Flights to increase at National Guard training site | VailDaily.com

Flights to increase at National Guard training site

Kristen Allen
Daily File PhotoPilots at the High Altitude Aviation Training Site, HAATS, went out on regular scheduled training flights Thursday. Training schedules have not changed after War started Wednesday.
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The National Guard plans to increase flights at a local aviation training area after an environmental analysis is released and reviewed this fall.

“They’re going to be stepping it up a quarter to half of what their existing times are,” said, the National Environmental Protection Act coordinator for the White River National Forest. Currently, the Colorado National Guard’s High Altitude Aviating Training Site logs between one and 3,000 flight hours annually. The projected increase will be about 3,000 additional hours.Located about 25 miles from the Eagle County airport on White River National Forest, Bureau of Land Management and private land, the site hosts military from all over the world. National Guard pilots, Army, Navy, Air Force, Marine Corps personnel and foreign allies train there.

“It’s a unique site,” said Timber Program Manager Jim Thinnes. “It is the only high altitude training site in the country.”Most of the training at the site is “touch and go landings,” when troops unload and take off again quickly.The site is ideal for high altitude training because it is “similar to mountainous terrain in areas of conflict like Afghanistan,” said Williams.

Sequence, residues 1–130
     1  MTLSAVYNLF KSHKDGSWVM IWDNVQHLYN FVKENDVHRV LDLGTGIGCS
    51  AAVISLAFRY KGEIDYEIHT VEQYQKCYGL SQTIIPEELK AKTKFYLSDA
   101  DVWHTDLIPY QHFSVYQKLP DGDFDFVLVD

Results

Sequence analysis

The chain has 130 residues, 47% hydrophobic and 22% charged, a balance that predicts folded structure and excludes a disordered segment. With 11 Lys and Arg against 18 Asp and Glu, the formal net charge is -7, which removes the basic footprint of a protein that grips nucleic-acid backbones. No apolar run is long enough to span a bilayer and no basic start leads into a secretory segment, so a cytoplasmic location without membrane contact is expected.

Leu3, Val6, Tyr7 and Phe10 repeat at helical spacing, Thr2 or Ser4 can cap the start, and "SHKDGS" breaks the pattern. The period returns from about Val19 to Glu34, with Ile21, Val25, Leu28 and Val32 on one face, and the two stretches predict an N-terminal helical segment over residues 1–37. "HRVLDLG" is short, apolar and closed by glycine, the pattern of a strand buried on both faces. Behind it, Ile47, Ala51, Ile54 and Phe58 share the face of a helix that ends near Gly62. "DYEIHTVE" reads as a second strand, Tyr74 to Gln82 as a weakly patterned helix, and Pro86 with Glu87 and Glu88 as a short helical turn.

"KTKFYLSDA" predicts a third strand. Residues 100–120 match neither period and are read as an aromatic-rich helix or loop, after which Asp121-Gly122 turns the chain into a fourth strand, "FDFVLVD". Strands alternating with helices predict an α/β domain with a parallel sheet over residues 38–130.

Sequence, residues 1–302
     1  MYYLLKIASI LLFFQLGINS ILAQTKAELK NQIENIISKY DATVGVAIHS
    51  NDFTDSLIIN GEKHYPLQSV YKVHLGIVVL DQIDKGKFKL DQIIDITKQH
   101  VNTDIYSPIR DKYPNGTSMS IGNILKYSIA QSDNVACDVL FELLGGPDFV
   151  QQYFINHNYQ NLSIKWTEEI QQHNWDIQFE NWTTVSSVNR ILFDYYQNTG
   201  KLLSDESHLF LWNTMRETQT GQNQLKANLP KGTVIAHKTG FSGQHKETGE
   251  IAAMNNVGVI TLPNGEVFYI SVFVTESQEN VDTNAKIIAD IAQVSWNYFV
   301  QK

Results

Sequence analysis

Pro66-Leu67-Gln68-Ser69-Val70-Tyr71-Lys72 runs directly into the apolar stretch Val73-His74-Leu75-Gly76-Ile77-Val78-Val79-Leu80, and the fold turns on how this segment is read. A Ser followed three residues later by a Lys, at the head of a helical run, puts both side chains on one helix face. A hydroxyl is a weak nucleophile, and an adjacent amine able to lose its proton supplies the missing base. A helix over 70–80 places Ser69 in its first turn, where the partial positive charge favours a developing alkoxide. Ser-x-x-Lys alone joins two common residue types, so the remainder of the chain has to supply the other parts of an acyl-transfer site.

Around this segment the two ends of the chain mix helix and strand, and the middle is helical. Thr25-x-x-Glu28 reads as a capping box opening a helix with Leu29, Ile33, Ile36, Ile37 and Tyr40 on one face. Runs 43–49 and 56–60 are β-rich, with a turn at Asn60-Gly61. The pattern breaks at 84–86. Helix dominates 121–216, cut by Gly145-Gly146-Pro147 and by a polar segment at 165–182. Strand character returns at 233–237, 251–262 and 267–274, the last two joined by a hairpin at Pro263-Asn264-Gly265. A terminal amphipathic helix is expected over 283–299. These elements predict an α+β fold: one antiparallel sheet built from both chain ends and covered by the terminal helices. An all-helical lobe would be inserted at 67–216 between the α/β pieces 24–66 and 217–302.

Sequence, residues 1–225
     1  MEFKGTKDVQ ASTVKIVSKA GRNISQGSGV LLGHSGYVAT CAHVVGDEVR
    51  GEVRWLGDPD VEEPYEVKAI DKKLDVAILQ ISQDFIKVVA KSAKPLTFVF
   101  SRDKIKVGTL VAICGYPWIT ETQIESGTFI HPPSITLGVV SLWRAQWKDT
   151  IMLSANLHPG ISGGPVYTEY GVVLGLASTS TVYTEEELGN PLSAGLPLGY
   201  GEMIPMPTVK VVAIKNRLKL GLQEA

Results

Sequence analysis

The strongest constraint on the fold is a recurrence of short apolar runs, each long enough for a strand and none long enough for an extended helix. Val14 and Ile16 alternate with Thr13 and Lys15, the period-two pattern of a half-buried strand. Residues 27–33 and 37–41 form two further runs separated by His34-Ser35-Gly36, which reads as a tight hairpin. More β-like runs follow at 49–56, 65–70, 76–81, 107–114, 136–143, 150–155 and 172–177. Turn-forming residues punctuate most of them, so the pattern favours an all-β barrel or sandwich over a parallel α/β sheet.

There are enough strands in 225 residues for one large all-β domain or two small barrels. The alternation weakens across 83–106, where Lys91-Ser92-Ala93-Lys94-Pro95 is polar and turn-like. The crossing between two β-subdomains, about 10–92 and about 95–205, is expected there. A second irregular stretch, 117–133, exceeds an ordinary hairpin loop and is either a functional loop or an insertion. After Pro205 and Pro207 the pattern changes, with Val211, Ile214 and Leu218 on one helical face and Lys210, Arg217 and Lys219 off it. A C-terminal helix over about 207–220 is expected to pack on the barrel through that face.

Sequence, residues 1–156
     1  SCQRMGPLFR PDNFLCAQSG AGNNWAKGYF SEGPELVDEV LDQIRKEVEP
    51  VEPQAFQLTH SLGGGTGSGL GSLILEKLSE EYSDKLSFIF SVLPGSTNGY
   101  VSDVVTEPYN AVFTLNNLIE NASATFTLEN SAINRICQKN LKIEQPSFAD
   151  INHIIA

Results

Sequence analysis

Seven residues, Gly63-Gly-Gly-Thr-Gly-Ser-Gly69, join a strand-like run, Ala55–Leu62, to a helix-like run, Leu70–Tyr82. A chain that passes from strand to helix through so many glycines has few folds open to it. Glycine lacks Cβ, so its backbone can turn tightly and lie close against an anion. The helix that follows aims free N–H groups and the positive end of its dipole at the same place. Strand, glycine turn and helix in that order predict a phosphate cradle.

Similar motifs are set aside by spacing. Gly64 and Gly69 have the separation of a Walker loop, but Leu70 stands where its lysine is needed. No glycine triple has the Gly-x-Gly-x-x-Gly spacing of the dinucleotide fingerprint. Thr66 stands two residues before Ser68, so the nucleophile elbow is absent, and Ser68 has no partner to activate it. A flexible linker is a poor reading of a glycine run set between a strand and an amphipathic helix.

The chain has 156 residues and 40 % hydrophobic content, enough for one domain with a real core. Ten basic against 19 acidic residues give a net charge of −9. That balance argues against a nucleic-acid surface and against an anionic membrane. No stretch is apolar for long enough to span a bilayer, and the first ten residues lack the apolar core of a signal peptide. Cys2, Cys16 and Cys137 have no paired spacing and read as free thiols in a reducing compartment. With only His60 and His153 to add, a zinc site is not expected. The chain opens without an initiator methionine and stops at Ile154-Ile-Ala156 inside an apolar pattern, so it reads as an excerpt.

A 1987 agreement currently governs the responsibilites of the National Guard and federal land agencies at the site. The pending environmental study will replace the memorandum.Scoping for the environmental analysis, which the National Guard contracted out to a third party, ended in March after more than 30 days of inquiry. Potential impacts to wilderness were among the chief concerns of the study because the training area borders Holy Cross and Flattops wilderness areas.Within the next few months the preliminary environmental assessment, which will address these issues and offer alternatives to the National Guard’s proposted actions, will be ready for Forest Service, Bureau of Land Management and public review.”It will be in the paper and we will take comments and augment the analysis,” said Williams. “There’s an appeal period before implementation – nothing will happen until analysis is complete.”